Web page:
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Chapter 1
Linear Equations vs. Nonlinear Equations
Definition
In general, a
linear equation with n unknowns
is an equation that can be placed in the
form a
1
x
1
+ a
2
x
2
+ a
n
x
n
… = b
In the equation above, a have known values and are called coefficients
; b also has a known value
and is called the constant
for the equation, while x are the variables
or unknowns
.
The key characteristic of a linear equation is that the variables appear to the first power only. In
particular, a linear equation never contains products of variables (such as x
1
x
2
), functions of
variables (such as sinx
2
), or powers of variables (such as x
3
5
).
Consistent Systems and Inconsistent Systems
We will frequently refer to a system of m linear equations in n unknowns as an (m x n) linear
system. If m = n (so that there are exactly as many equations as there are unknowns) we will call
the system a square system. If a system is not square
, it is called a rectangular
system.
Definition
If an (m x n) system has at least one solution, then we say the system is
consistent
. If
the system has no solutions whatsoever, then it is called
inconsistent
.
Elementary Operations in 2 x 2 Systems
This module introduces Gauss-Jordan elimination
, a practical and systematic method for solving
systems of linear equations.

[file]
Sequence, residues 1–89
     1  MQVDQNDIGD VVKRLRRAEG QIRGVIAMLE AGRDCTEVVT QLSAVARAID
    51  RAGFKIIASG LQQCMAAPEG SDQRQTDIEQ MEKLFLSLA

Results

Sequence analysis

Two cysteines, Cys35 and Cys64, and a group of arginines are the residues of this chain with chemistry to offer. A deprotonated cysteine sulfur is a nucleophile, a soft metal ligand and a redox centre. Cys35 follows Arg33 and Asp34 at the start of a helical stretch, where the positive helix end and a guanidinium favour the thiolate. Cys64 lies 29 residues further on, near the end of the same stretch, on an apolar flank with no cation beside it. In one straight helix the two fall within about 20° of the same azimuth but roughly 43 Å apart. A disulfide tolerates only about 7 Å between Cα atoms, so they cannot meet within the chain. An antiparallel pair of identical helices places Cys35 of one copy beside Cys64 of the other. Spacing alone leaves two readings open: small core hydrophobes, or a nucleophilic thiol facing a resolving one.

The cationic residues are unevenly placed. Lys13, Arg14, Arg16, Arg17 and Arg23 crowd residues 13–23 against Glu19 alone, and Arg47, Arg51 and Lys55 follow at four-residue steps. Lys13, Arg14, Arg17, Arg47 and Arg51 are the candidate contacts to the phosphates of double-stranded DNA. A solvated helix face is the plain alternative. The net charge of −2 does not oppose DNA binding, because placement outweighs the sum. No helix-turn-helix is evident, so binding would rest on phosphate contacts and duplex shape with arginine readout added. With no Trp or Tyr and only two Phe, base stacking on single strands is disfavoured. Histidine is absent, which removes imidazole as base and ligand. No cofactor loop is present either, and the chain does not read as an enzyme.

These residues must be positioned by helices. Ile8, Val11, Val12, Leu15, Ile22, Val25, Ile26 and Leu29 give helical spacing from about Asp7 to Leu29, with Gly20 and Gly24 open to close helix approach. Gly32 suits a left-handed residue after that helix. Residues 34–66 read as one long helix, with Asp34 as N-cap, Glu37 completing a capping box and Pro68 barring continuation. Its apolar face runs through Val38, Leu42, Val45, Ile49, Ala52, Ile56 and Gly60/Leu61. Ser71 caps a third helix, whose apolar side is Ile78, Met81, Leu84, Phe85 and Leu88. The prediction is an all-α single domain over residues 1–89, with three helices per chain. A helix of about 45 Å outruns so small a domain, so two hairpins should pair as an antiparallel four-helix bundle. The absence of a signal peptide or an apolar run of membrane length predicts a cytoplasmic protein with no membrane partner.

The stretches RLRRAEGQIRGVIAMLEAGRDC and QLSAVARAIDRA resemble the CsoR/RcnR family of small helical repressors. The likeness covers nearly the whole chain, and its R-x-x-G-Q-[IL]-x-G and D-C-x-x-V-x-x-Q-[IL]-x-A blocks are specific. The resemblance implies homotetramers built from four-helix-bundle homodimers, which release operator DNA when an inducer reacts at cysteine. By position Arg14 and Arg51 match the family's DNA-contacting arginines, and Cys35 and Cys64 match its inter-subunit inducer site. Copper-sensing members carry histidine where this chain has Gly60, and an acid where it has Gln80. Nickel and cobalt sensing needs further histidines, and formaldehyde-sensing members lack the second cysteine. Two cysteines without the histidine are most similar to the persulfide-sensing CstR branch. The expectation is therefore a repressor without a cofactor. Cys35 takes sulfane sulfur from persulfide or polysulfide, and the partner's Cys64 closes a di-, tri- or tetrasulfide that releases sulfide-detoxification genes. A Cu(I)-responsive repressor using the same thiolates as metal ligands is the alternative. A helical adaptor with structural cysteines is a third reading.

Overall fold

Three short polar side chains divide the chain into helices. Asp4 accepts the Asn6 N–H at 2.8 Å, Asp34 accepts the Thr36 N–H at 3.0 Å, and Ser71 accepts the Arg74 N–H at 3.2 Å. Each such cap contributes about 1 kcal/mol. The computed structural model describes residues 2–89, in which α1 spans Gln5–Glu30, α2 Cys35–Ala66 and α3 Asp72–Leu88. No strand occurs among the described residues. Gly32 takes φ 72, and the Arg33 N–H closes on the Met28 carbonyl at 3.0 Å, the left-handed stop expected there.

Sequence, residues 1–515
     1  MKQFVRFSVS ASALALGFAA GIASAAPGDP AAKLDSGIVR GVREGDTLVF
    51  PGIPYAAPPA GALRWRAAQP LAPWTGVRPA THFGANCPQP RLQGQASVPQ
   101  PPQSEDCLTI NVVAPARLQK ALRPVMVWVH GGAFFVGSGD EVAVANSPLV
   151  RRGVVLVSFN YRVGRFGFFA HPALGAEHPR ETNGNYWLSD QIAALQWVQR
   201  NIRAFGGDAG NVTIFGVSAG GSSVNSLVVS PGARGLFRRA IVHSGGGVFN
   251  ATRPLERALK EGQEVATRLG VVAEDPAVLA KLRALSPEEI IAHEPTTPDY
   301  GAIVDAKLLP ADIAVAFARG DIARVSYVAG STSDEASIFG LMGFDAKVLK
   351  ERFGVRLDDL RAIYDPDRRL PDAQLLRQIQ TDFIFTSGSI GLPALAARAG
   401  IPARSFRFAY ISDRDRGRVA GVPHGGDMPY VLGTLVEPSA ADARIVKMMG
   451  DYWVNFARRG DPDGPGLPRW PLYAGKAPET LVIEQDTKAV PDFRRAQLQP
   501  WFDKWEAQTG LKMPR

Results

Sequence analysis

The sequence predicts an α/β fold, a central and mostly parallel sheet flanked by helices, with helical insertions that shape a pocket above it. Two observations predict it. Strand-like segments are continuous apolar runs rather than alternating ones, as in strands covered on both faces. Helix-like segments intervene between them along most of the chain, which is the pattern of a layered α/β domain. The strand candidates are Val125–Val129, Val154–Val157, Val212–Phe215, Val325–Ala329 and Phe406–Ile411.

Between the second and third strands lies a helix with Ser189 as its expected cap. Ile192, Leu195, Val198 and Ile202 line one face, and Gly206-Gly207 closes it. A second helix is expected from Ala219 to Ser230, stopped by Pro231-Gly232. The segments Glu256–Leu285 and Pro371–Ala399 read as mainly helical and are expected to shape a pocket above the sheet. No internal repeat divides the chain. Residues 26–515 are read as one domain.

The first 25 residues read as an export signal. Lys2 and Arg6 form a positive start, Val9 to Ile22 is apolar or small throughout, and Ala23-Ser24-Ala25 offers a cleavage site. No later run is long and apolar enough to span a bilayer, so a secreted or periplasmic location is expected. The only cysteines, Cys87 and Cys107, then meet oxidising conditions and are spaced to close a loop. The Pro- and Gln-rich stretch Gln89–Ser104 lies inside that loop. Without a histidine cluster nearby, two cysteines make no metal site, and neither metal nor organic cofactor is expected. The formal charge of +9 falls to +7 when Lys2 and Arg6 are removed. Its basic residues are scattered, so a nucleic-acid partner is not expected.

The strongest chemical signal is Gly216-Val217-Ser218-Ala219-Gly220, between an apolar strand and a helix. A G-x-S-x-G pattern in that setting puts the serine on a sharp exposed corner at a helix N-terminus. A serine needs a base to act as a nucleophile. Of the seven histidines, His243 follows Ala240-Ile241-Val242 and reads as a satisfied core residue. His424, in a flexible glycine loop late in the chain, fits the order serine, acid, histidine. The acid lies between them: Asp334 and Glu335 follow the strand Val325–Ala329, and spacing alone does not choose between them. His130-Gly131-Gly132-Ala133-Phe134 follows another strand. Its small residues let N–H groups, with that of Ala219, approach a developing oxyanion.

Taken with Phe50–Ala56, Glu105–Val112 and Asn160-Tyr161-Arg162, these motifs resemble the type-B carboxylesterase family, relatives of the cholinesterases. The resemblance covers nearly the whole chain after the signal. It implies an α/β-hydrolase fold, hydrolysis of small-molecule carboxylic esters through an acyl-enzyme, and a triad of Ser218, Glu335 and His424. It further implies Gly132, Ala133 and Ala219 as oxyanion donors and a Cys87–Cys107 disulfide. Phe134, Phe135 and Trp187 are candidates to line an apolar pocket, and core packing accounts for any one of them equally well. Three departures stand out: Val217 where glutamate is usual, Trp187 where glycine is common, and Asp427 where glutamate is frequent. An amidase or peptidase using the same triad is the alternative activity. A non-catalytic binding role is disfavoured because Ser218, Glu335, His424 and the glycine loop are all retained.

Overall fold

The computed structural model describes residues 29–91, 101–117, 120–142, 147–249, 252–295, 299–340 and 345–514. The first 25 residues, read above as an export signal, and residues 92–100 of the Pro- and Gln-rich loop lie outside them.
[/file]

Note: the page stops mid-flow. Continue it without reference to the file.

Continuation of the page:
We will restrict ourselves in this module to square systems that have unique solutions. Later, in
Module 1.2 and 1.3, we will treat rectangular systems and systems that have no solutions or
infinitely many solutions.
The solution procedure we want to discuss, Gauss-Jordan elimination, is based on an idea that is
probably familiar to you--that of using elementary operations to eliminate some of the variables
from an equation.
Elementary Operations
1. Interchange any two equations (
)
2. Multiply both sides of any equation by a nonzero constant (
)

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3. Replace any equation by adding a constant multiple of any other equation to it (
)
It can be shown that if we use any of the three elementary operations to create a new system,
then the new system has exactly the same solutions as the original system. We call two systems
having the same solution set
equivalent systems
. Thus, whenever we apply an elementary
operation, we produce a system equivalent to the one we started with.
The Solution Possibilities for a 2 x 2 system
Geometric representations of (2 x 2) linear systems
The graph of a linear equation in two unknowns is a line in the plane. Thus, a system of two
linear equations in two unknowns can be represented geometrically by two lines in the plane.
The solution to the system is found at the intersection of the two lines.

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